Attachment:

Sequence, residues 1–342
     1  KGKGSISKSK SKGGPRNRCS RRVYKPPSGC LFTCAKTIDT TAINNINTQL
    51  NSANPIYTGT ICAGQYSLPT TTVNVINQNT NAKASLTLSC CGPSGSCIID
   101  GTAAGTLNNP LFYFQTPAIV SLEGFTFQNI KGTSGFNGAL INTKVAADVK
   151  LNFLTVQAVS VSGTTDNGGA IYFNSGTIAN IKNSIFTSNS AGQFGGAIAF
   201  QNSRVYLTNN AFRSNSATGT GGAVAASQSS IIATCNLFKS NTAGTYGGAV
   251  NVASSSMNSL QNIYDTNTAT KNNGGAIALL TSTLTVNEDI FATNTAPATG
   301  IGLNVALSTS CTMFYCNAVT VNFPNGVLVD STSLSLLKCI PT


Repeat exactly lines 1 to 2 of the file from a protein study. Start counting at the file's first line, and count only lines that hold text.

Sequence, residues 1–342
     1  KGKGSISKSK SKGGPRNRCS RRVYKPPSGC LFTCAKTIDT TAINNINTQL